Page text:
Improving couple communication through the Imago Getting the Love You Want Workshop for Couples

Lawson, Wendy Anne (2008-03)

Thesis (MA (Psychology))--University of Stellenbosch, 2008.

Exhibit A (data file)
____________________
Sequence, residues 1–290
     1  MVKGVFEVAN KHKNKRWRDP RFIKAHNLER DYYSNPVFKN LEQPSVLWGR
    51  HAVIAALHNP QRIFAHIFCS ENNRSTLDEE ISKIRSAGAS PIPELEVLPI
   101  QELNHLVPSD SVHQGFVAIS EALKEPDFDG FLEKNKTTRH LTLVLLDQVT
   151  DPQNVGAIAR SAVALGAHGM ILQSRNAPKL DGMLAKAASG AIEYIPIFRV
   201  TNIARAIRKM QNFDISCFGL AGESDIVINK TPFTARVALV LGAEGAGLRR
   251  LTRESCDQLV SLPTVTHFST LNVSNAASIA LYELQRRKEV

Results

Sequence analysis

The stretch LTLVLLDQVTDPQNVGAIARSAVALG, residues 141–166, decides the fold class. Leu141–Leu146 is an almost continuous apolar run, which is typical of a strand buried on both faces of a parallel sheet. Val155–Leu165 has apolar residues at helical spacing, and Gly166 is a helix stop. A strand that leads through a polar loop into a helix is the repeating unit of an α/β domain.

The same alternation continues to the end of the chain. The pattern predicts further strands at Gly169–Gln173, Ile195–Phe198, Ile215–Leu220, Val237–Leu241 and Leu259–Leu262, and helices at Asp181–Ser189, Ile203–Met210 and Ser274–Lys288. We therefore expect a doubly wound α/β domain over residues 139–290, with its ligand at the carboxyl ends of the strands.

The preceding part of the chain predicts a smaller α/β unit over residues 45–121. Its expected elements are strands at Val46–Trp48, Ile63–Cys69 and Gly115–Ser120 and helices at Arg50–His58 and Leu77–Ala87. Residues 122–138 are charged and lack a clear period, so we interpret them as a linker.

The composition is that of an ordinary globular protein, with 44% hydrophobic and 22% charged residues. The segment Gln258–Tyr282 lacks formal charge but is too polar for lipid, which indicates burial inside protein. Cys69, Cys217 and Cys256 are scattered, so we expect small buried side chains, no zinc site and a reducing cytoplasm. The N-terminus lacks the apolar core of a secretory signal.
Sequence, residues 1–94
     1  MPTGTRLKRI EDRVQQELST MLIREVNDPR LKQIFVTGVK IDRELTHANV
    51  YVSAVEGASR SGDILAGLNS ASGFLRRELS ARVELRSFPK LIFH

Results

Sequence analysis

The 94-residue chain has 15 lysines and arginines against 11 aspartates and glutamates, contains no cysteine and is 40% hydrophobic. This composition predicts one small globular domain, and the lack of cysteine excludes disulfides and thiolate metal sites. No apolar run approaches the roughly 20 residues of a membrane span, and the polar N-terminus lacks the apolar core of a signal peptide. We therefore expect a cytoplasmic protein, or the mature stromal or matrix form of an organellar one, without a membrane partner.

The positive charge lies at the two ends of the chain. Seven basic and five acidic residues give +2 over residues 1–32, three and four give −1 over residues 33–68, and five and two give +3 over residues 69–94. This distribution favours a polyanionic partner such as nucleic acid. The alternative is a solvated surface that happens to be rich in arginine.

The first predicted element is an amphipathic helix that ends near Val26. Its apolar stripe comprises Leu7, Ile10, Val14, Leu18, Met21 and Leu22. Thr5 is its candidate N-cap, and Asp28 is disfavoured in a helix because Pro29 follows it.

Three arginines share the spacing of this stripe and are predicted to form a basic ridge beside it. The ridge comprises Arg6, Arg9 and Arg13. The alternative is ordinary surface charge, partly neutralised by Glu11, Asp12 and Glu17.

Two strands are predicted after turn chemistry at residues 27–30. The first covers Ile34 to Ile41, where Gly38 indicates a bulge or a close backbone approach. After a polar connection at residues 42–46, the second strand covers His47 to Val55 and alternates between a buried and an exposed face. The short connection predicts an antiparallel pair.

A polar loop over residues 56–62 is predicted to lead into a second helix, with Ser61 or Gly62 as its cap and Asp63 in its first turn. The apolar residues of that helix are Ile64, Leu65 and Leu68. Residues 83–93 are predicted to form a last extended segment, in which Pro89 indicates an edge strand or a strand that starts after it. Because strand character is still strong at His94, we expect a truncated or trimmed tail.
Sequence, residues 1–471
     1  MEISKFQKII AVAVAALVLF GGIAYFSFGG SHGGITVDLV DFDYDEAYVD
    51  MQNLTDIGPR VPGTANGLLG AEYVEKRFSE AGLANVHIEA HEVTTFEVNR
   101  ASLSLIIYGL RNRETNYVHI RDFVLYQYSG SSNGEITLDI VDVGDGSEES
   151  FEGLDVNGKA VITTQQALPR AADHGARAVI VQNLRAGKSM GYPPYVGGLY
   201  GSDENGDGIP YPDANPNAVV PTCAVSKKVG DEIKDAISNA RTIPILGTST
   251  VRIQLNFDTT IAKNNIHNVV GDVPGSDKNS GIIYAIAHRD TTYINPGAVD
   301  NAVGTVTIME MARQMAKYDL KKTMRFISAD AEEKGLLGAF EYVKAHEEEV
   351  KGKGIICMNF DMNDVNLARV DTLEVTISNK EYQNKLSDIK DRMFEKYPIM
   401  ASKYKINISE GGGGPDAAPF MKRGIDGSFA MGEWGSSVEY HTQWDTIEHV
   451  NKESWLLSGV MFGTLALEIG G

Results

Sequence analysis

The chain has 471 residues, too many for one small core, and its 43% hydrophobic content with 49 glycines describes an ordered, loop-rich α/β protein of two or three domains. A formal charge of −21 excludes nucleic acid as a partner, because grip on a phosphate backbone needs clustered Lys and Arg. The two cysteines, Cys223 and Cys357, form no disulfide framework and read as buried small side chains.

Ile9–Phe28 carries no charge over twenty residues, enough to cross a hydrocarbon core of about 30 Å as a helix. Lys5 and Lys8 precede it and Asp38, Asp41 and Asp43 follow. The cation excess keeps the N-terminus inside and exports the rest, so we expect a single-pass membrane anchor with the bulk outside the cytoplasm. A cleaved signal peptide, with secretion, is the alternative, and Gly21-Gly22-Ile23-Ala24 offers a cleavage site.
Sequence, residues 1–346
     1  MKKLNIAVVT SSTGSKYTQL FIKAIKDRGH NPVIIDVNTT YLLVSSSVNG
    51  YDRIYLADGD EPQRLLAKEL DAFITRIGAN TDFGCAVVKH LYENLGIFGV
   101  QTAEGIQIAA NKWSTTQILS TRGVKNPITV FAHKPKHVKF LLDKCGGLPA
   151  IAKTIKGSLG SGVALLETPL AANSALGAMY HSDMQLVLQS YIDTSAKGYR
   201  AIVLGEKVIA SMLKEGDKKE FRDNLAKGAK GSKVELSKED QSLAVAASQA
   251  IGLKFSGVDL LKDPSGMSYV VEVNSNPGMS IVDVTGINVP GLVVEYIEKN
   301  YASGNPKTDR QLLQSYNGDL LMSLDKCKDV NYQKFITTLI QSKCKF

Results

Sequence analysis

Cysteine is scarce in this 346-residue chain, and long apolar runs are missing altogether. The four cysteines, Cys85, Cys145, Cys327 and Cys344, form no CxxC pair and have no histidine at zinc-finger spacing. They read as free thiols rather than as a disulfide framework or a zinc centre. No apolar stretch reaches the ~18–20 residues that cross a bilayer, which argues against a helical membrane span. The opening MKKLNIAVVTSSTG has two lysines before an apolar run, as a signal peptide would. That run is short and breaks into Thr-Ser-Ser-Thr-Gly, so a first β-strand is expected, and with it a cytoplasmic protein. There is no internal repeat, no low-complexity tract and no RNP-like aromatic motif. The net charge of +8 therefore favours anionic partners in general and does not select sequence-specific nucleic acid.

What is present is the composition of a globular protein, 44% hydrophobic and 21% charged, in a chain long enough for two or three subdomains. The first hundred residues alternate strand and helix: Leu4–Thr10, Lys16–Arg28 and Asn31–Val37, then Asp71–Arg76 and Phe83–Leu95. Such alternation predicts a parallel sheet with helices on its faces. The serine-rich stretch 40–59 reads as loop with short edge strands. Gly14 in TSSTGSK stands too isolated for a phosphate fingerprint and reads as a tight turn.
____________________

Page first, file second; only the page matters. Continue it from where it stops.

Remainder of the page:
Although couples are often aware of the importance of communication, they are unable to implement effective communication skills. Couples can be assisted to improve their communication and the quality of their relationship by attending a marriage enrichment programme. While research shows that enrichment programmes do help couples to learn and maintain relationship skills, longer-term effectiveness seems limited, with effects dissipating over time. Researchers concerned with the long-term sustainability of improvements have recognised the value of post-intervention booster programmes. The Imago Getting The Love You Want Workshop for Couples (GTLYW Workshop) is an enrichment programme for couples interested in improving the quality of their relationship. The workshop is based on the theory and principles of Imago Relationship Therapy. Imago theory provides a relational approach to and framework for understanding the dynamics and interaction of the couple dyad, as well as a dialogical process crucial for the deep communication and growth that are essential to achieve healing and wholeness. Couples learn crucial communication skills by means of a structured communication technique, the Couples Dialogue. The GTLYW Workshop is under-researched when compared to other enrichment programmes. This research attempted to answer the question of whether or not couples who have attended the GTLYW Workshop experienced improvements in aspects of their communication and the quality of their relationship, and whether improvements were sustained over time. Based on a philosophy of pragmatism, a mixed-methods research approach was adopted, including a dominant quantitative method and a nested qualitative method. A longitudinal design incorporated a pre-workshop, a three- to four-week post-workshop, and three-month follow-up measures. Repeated measures ANOVA procedures and Pearson product-moment correlations addressed quantitative objectives. Aspects of communication that were measured were perceptions of communication ability (Primary Communication Inventory), communication patterns (Communication Patterns Questionnaire), and relational awareness (Relational Awareness Scale). The quality of the relationship was assessed using the Dyadic Adjustment Scale. Thematic analysis, using a phenomenological approach, addressed qualitative objectives Within the limitations of this study, the findings provided: some evidence of short-term improvements in some aspects of communication and the relationship; some evidence for the dissipation of improvements three months later; some evidence for the need for follow-up or booster sessions after the workshop; and evidence of positive changes after the workshop. Although there is evidence of the short-term effectiveness of marriage enrichment programmes, it is the longer-term maintenance of improvements and skills that is paramount for the effectiveness and credibility of marriage enrichment programmes. Given what research has found with regard to the dissipating effects of marriage enrichment programmes, the need for booster programmes, difficulties in teaching communication skills, and the potential risk to couples (post-workshop) of deteriorating communication skills, it would be wise for practitioners and educators, as they plan and run enrichment programmes, to also place emphasis on “what happens after the workshop”. The results of this research offer an opportunity for Imago practitioners and educators to review ways of assisting couples to sustain improvements over the longer term after they have attended the GTLYW Workshop.

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